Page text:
The intricate system of canals and aqueducts helped keep human waste from contaminating the water supply.

The Streets Of Tenochtitlán Were Swept Regularly And Lined With Public Toilets

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Photo: Unidentified/Wikimedia Commons/Public Domain

Networks of canals in Aztec cities made keeping heavily populated areas clean much easier. When the streets of Tenochtitlán, for example, were swept, the detritus and dirt could be thrown into one of the canals that removed waste from the city.

Sweeping and cleanliness was a fundamental part of maintaining order in Aztec society. Women swept their homes every morning as a way to honor domestic space , while priests swept temples and schools to keep out unwanted and potentially threatening forces.

Cities also had public toilets available , the waste from which would be collected and used as fertilizer . It could also be channeled out of the city by one of the canals or other waterways.

Men Could Visit Barber Shops And Women Could Dye Their Hair At Home

As Hernán Cortés explored Tenochtitlán, he observed, “Establishments like barbers’ where [residents go to] have their hair washed and are shaved.” Hairstyles for men in the Aztec empire varied significantly, with priests keeping long locks – sometimes matted with soot – and common men wore their hair short.

Boys were shorn until the age of 10. At that point, they grew out a patch of hair on the backs of their heads, only shaven once they’d proved themselves to be a successful warrior.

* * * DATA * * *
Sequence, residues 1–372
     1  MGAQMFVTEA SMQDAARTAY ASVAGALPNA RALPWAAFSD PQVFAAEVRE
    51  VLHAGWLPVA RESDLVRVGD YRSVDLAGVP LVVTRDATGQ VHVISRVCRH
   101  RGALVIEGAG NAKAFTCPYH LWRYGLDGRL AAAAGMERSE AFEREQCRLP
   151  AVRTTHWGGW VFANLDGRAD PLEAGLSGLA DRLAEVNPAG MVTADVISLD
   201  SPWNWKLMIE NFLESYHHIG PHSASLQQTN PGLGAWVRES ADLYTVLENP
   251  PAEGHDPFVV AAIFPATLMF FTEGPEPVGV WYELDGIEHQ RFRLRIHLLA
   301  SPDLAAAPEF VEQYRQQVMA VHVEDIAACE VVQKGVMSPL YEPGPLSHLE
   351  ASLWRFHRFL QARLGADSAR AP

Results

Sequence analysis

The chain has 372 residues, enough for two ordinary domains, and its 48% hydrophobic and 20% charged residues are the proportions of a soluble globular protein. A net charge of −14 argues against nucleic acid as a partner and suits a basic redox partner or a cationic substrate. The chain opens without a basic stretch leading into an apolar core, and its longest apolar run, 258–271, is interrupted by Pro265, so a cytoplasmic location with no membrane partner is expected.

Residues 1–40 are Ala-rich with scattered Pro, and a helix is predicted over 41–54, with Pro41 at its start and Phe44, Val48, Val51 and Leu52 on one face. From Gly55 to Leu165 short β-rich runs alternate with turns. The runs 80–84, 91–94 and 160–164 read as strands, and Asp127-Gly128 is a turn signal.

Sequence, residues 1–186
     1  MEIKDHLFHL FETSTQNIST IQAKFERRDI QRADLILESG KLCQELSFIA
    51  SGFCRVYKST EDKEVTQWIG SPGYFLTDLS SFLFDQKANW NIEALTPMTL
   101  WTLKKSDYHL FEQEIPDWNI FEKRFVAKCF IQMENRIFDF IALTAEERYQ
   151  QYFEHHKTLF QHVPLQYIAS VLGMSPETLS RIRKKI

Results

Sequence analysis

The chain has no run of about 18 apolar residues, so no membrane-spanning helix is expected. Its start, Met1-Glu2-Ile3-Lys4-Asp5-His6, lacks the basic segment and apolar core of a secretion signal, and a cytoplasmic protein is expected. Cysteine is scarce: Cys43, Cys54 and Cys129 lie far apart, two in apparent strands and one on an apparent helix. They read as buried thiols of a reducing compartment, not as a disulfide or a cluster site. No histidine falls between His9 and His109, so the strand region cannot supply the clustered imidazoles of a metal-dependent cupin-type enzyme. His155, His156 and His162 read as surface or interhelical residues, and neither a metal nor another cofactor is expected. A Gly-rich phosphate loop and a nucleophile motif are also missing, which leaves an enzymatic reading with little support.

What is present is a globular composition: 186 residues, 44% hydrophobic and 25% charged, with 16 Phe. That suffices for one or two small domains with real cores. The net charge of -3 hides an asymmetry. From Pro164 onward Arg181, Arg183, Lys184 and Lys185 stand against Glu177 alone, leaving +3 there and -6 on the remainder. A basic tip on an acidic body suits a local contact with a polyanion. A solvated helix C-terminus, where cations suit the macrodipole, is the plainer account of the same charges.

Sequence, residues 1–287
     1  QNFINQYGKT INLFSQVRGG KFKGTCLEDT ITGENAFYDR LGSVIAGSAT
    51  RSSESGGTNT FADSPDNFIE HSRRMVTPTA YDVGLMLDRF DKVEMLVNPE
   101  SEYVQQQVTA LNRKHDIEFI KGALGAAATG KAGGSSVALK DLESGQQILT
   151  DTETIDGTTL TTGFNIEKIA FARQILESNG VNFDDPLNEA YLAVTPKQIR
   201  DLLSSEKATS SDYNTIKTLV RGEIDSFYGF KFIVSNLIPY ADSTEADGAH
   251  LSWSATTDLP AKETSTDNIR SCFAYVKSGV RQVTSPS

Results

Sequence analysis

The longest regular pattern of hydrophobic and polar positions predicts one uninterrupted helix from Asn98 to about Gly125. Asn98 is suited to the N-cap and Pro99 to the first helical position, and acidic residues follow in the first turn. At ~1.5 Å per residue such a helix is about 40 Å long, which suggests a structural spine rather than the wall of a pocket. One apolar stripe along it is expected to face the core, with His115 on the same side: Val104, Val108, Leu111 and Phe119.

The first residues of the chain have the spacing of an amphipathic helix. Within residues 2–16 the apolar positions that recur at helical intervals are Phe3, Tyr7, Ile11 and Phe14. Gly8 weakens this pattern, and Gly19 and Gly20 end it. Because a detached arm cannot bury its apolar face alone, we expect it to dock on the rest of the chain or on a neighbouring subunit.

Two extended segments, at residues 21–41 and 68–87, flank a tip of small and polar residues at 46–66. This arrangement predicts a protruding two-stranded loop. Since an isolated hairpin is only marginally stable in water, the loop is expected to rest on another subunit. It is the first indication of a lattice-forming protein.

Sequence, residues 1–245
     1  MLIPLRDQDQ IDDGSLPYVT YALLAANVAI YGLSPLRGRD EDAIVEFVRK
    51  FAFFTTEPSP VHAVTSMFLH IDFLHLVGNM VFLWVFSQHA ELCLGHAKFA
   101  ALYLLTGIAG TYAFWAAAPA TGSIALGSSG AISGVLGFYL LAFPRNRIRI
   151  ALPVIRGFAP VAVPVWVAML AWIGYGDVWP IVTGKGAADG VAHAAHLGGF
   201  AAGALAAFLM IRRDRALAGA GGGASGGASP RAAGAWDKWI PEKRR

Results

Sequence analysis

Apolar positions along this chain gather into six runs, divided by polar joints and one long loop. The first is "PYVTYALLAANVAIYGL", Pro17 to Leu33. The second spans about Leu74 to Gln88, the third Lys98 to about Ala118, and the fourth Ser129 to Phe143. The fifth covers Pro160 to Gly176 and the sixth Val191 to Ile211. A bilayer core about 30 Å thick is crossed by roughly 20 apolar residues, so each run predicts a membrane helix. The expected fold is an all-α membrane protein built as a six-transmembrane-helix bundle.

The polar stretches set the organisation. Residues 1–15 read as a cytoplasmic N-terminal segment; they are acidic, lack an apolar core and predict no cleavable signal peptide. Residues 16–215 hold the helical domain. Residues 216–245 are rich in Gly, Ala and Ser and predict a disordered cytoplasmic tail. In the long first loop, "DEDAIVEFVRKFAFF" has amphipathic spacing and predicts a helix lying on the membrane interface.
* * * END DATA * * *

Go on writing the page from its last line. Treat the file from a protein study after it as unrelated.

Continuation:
Women could dye their hair, using, “black mud or a green herb called xiuhquilitl that produced a purple shining in the hair.” Some women shaved their heads completely while older females, particularly mothers, had long hair, divided at the nape of the neck and pulled back with a cord.

Clay could also be used after the hair was treated for dandruff – a complaint that led to a urine cleaning and hearty scrubbing with ground avocado pits – to bring color back to one’s locks. In the event of scabies, men and women had their heads shaved and, again, were doused in urine and herbal mixtures of pinewood, cottonseed, and avocado to eliminate the pests.

Feasts Started And Ended With Clean Hands

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Photo: Florentine Codex/Wikimedia Commons/Public Domain

The Aztecs ate two meals per day, a breakfast and an afternoon supper. Sometimes, a late evening could mean an additional helping of gruel but, for upper-class members of society, a feast in the evenings could lead to a night full of food, entertainment, and excess. Fine dining started with clean hands:

When they had all come, they were given water for washing their hands and then the meal was served. Once this was done, they washed their hands again and their mouths and then cocoa and pipes were handed out.

Ruler Moctezuma, known for his adherence to personal cleanliness, took part in this ritual alongside his guests, as “four very beautiful, very clean women gave him water for his hands in the deep basin which they call xicales.”